Earlier this week, the Federal Trade Commission in cooperation with law enforcement officials from all fifty states and the District of Columbia filed a complaint in federal court against four phony charities and the people operating them accusing the charities of misapplying hundreds of millions of dollars of donations and using all but 3% of the donations for their own individual benefit. The charities named are the Cancer Fund of America, the Cancer Support Services, Inc, the Children’s Cancer Fund of America, Inc and the Breast Cancer Society, Inc. Also charged were officers of these charities, James Reynolds, Sr., Kyle Effler, Rose Perkins and James Reynolds II. According to the FTC’s complaint, the funds collected from people thinking they were helping people with cancer went to huge salaries to the charities’ insiders along with payments for cars, luxury cruises, college tuition, gym memberships, ski outings, tickets to sporting and entertainment events and even dating site memberships.
The Children’s Cancer Fund of America and the Breast Cancer Society, Inc along with their principals Rose Perkins, James Reynolds II and Kyle Effler have all agreed to settle the charges. As part of the settlements The Children’s Cancer Fund of America will pay $30,079.82 to the FTC which represents charitable donations made between 2008 and 2012. The Breast Cancer Society, Inc. will pay $65,564.36 which represents donations made between 2008 and 2013. In both cases, this money will be turned over to legitimate charities. Litigation will go on against the other charities and individuals charged.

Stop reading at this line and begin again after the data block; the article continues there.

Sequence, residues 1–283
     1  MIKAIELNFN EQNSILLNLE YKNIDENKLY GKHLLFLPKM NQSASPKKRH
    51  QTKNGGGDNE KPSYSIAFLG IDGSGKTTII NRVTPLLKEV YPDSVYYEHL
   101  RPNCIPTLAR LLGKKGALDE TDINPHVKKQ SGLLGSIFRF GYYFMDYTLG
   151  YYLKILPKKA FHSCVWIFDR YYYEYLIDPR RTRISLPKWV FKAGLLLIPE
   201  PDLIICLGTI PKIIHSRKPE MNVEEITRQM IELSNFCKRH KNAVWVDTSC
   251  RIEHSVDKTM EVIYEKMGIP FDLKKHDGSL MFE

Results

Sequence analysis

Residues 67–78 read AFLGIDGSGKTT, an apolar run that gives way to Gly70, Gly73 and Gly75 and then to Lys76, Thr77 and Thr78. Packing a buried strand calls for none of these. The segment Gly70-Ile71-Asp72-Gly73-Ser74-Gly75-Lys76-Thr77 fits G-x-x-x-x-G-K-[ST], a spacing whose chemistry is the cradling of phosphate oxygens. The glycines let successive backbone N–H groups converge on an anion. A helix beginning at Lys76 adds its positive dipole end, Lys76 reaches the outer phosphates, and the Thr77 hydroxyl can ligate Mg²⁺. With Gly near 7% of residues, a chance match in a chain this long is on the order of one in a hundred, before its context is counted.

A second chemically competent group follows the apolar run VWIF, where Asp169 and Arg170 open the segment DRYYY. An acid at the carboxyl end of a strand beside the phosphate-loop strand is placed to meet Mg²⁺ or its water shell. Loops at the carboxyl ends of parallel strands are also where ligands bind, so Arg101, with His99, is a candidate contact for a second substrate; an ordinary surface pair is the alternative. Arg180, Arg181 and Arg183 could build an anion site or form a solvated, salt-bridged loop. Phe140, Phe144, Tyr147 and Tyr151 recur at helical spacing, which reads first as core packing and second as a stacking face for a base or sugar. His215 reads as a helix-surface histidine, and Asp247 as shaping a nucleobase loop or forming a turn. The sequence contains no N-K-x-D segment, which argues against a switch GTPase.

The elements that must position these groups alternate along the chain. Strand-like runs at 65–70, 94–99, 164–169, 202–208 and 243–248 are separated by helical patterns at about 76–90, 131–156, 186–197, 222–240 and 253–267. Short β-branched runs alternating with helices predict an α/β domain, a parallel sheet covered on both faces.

There are many lessons for all of us as individuals interested in making charitable donations. The first lesson is that merely because the name makes a charity sound legitimate does not make it so. Second, when you are considering making a donation to a charity, it is important to investigate the charity to find out whether it is an outright scam or whether it is one where very little of the money donated goes toward the announced charitable purposes of the charity. You can find the answers to both of those questions by going to www.charitynavigator.org, which, by the way rated these charities extremely low.